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Sculpture's stillness, captured in paint

January 17, 2003|David Pagel | Special to The Times

For every hot new artist who captures the headlines with a buzz-fueled solo debut, there must be an old cold one who has fallen off the radar screen. For the past 10 years, veteran Los Angeles painter Michael Roberts has been flying so close to the ground that his work hasn't shown up on anyone's radar.

Holed up in his Hacienda Heights studio, Roberts has been working on a series of multi-panel abstractions that is at once exceptionally focused and generously open-ended. At Patricia Faure Gallery, these furiously sophisticated works are the most exciting gray paintings I've ever seen.

To viewers whose TV-trained eyes see only images, Roberts' monochromes probably look like throwbacks to an era when abstract painting was supposed to be about its own formal properties: color, texture and edge. But these quietly ravishing abstractions are too worldly to fall for such separate-but-equal fantasies of painterly purity. With seemingly effortless ease, they give sculpture and photography a run for their money, stealing aspects of each to pack all the more punch into the experiences they deliver to viewers.

All of Roberts' canvases consist of four vertical panels bolted together and covered with a layer of thick paint so roughly textured it makes stucco look smooth. Vigorously applied brushstrokes -- some as wide as your wrist, others as thin as your pinkie -- collide, overlap and swirl around one another. His wildly activated surfaces resemble stop-action photographs of what you'd see if you stood on the stern of a ship and looked down at the water churning in its wake.

Imagine a crystal-clear photograph of the sea's tumultuous surface. Roberts' paintings embody a deep, utter stillness. Their three-dimensionality intensifies this impression, transforming a frozen slice of time into a space that is accessible to anyone interested in such perceptual wonders.

Roberts' art gives stunning form to the stillness of things carved in stone, because he makes his own paint out of a cement-like mixture of marble dust and bonding medium. Beginning with a huge bucket of a fairly runny mixture, he adds more pulverized marble with each additional coat. By the final application, he's not painting so much as he's carving and molding -- creating sculptures in low relief.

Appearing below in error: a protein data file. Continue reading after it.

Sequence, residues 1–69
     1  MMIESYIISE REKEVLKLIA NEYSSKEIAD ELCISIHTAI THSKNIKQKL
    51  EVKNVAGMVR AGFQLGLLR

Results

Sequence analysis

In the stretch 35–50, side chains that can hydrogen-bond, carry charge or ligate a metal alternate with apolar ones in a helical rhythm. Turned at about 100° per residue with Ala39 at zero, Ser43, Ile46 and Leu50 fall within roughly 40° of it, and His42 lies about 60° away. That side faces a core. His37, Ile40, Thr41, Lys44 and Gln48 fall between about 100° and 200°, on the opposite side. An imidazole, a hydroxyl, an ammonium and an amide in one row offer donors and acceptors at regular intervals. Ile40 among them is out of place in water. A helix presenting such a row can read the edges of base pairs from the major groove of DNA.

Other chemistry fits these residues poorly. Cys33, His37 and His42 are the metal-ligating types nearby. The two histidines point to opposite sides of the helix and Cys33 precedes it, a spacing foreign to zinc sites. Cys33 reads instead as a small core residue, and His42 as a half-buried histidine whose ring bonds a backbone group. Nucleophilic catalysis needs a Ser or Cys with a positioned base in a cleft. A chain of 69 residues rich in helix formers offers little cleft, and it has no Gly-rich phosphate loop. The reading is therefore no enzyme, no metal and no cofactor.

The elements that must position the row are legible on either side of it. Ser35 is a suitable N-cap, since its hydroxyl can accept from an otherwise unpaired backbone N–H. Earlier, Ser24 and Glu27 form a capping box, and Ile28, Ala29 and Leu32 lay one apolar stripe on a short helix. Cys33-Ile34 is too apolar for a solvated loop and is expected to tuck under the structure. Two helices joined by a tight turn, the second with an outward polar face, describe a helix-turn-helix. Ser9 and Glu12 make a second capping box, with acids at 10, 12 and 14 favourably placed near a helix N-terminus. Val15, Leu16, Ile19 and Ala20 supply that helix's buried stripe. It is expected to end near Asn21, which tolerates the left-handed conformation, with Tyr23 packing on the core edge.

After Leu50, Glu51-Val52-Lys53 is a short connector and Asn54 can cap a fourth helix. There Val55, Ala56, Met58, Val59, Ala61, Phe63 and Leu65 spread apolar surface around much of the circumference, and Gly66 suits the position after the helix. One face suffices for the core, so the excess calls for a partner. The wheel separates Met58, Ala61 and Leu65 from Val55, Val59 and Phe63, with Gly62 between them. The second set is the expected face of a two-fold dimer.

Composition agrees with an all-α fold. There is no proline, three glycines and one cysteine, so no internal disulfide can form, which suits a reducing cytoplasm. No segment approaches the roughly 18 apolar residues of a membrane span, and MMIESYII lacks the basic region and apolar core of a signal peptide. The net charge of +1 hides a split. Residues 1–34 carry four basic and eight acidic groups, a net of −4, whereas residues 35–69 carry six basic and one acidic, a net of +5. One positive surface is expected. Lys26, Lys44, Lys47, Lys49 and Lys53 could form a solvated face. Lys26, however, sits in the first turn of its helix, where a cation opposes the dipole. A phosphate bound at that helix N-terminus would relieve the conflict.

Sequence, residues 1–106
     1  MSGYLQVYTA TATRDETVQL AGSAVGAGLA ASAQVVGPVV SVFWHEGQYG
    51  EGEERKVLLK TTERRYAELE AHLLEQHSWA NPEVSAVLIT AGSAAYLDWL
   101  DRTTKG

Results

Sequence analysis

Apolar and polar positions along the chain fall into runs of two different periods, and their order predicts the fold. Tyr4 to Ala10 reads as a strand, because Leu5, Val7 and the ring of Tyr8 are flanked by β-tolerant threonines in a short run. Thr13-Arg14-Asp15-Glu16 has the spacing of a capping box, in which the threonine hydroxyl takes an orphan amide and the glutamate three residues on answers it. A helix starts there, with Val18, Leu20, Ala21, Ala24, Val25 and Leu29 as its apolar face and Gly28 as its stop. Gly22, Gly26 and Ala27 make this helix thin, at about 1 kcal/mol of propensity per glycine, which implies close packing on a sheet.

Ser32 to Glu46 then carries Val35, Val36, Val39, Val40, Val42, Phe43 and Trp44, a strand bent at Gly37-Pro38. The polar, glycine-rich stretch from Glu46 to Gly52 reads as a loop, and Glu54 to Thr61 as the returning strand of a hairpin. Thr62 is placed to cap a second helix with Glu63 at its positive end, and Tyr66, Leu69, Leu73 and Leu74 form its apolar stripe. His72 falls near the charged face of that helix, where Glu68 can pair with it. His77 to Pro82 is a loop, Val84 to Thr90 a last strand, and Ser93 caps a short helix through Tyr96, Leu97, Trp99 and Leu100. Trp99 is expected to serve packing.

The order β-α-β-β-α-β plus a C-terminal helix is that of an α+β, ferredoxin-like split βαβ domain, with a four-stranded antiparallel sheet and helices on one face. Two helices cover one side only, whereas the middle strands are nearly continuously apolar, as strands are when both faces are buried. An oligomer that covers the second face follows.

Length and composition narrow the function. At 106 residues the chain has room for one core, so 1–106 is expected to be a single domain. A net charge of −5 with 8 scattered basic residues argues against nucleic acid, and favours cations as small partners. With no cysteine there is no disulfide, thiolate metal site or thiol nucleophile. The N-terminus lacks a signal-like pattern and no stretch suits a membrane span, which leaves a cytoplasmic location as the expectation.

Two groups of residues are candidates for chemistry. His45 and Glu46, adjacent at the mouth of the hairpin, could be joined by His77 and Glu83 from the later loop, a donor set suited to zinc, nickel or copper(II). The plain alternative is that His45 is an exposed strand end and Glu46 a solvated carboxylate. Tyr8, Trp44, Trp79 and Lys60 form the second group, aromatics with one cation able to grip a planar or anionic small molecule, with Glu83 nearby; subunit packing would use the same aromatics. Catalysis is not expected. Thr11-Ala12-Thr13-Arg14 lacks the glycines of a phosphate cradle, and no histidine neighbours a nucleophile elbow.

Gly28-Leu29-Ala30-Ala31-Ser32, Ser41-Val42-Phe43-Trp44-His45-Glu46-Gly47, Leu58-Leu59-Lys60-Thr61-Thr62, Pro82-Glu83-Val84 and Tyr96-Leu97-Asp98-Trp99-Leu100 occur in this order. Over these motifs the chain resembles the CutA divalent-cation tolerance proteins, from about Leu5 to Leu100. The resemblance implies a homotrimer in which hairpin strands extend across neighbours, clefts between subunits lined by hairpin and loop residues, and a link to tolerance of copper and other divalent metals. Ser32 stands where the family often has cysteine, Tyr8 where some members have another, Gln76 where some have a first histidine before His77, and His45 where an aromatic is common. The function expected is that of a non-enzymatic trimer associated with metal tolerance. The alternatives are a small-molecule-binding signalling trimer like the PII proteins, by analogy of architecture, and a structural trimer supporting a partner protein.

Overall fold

The big paintings weigh well over 300 pounds. But not a trace of heavy-handed grandiosity is to be found on their supple surfaces, where innumerable nooks and crannies capture the ever-changing interplay between light and shadow. Using a few simple tools, an intuitive vision, lots of dust and even more muscle, Roberts transforms inert matter into paintings so dynamic and serene they seem to come alive. Raw power and lyrical refinement never looked better together.

Patricia Faure Gallery, Bergamot Station, 2525 Michigan Ave., Santa Monica, (310) 449-1479, through Feb. 15. Closed Sundays and Mondays.


A video exhibit that mocks video

Evan Holloway's new exhibition at Marc Foxx Gallery makes fun of hoary cliches about primitivism. It also ridicules the art world's fascination with projected videos. Best of all, it mocks the artist himself -- not to mention viewers who think they're above it all.

Titled "A White Hunter," Holloway's first video installation is an ingenious trap that's more fun to fall into than to escape. As bait, the Los Angeles sculptor has projected a smoothly edited sequence of film clips onto the back wall of a small, darkened gallery. The looped DVD features close-ups of Michael Douglas driving or riding in a car.

Taken from such movies as "Wall Street," "Fatal Attraction" and "Don't Say a Word," the scenes trace the star's expression as it changes from anxious to frustrated, from perturbed to incensed at the injustice of it all. No matter the backdrop, the costume, the car or the 20 years over which the movies were made, Douglas always appears to be struggling to contain the rage seething beneath the surface of his civilized veneer.

Holloway's silent montage accentuates the tension conveyed by an exemplary white guy battling through a seemingly endless session of anger management. Today it's not uncommon to visit contemporary art exhibitions and see similar imagery projected onto walls. For Holloway, however, such run-of-the-mill mediocrity is only the beginning.

When you turn to leave, a twisted menagerie of fanciful beasts comes into view, hanging from the rafters by their feet. Like bats in a cave, Holloway's papier-mache sculptures seem to be resting, hiding out overhead until the time comes when they can fly freely.

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